Nandalall queries why lawyers had never reviewed GCB’s legality

— Ali moving to have GCB properly constituted

Attorney-at-Law Anil Nandalall questioned yesterday why lawyers in the past had never reviewed the legality of the Guyana Cricket Board (GCB), a day after Chief Justice Ian Chang ruled that the organisation was not a legal entity.

The GCB, which was formed in 1943, finds itself in a legal conundrum after Chief Justice Chang on Monday struck out an action that was brought by Angela Haniff, in her capacity as secretary of the Berbice Cricket Board (BCB), restraining the Ramsey Ali-led GCB from functioning. Ali and his executives were elected on July 10 while Haniff brought the action on July 21.

Monday’s ruling, according to Nandalall, would have brought into question the GCB’s registration which was quashed by the Chang last month. He said in essence “the Chief Justice ruled that the GCB is not a legal entity therefore cannot institute proceedings and cannot be sued; that it has no legal personality.”

Anil Nandalall

Further, the ruling, coupled with the fact that the GCB was never properly constituted, means officers cannot be elected to hold office in an organisation “which does not exist,” stated Nandalall.

Nandalall said that during the reading of the 10-page ruling, Chang called for the “establishment of a legislative framework that will invest these types of associations with some legal personality.”

“Until that time,” Nandalall continued, “because cricket is a national sport, the minister with  responsibility for sport as a representative of the executive should take charge of the administration of cricket until this legislative framework is promulgated by parliament.”

When Stabroek Sport contacted Ali last evening he said that his executive “will be looking almost immediately to have the GCB properly constituted,” adding that they are moving ahead with the “business of cricket development.”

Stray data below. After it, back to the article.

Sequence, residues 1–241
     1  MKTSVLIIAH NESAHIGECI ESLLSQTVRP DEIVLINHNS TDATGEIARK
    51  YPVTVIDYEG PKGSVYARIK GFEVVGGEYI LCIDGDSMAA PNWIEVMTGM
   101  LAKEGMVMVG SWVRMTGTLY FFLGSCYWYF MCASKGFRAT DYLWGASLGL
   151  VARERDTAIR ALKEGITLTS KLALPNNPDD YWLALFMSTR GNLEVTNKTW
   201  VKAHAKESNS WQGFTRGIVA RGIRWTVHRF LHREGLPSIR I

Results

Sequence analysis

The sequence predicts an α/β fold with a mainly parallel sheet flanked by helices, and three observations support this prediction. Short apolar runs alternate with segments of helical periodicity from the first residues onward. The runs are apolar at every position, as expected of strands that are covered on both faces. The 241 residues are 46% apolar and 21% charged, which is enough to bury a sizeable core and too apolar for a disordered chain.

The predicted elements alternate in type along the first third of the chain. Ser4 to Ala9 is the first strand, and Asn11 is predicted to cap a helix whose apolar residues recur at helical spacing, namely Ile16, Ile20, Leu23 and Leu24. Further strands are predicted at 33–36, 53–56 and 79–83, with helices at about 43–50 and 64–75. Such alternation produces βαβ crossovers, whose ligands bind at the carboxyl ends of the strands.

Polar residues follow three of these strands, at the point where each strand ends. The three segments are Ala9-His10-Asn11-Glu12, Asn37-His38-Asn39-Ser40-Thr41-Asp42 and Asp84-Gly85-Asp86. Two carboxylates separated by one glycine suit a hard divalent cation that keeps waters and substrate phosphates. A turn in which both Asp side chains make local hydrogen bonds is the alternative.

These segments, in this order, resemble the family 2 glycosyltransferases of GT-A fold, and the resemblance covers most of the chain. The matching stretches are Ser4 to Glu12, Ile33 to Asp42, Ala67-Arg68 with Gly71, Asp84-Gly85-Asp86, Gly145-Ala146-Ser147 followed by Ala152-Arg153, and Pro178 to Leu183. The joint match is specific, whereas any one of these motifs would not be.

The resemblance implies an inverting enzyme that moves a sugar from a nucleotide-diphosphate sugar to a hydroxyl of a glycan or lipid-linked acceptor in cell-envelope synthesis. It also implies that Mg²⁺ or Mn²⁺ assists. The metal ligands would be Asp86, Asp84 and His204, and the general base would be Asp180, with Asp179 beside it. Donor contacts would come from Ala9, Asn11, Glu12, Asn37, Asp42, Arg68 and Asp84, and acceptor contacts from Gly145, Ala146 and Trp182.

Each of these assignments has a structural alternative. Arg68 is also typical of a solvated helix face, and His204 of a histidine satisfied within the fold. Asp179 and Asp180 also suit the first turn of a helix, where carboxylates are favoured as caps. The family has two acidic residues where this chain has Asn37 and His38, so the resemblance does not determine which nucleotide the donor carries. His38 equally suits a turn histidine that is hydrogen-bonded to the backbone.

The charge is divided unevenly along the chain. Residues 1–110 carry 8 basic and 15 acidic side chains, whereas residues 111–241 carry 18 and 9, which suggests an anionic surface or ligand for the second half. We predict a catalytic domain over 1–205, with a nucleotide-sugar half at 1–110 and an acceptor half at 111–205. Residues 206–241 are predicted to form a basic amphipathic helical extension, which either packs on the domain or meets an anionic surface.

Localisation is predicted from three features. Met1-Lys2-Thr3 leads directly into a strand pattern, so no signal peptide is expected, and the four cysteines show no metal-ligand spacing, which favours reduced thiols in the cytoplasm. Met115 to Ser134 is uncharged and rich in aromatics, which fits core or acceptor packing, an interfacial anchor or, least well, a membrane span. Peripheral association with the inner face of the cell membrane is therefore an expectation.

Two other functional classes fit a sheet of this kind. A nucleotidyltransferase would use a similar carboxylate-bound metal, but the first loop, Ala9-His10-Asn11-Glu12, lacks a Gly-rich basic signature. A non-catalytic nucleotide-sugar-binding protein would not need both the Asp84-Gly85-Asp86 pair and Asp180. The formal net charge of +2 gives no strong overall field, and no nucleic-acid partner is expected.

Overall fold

Ramsey Ali

At an executive meeting last evening he said that the executive has reassembled and they will continue with their job of getting things right with cricket in Guyana, as was the case before the court action was brought by Haniff.

Haniff had brought the action after the BCB deemed the GCB AGM illegal after 10 delegates voted – nine from Essequibo and one from Berbice.

The one delegate from Berbice who voted, David Black, went against a June decision of the BCB not to  participate in the AGM. Black was eventually expelled from the BCB on July 14 for his role in the controversial elections that had also witnessed an unprecedented media shutout.

Meanwhile, Nandalall stated that yesterday’s Stabroek News back page headline “Ramsey Ali back as GCB boss” was misleading and asked for a retraction. He said at no point this was in the ruling of the Chief Justice.

Attorney Roysdale Forde had told this publication that the Ali administration was essentially reinstated to serve cricket.

On the other hand, when Stabroek Sport spoke with Guyana Olympic Association president and attorney K. Juman Yassin he said that he cannot make any concrete pronouncement on the judge’s ruling until he sees the entire document. However, he stated that cricket in Guyana “needs an administration as soon as possible so that the technical issues can be sorted out and the sooner this happens the better it will be for the game.”

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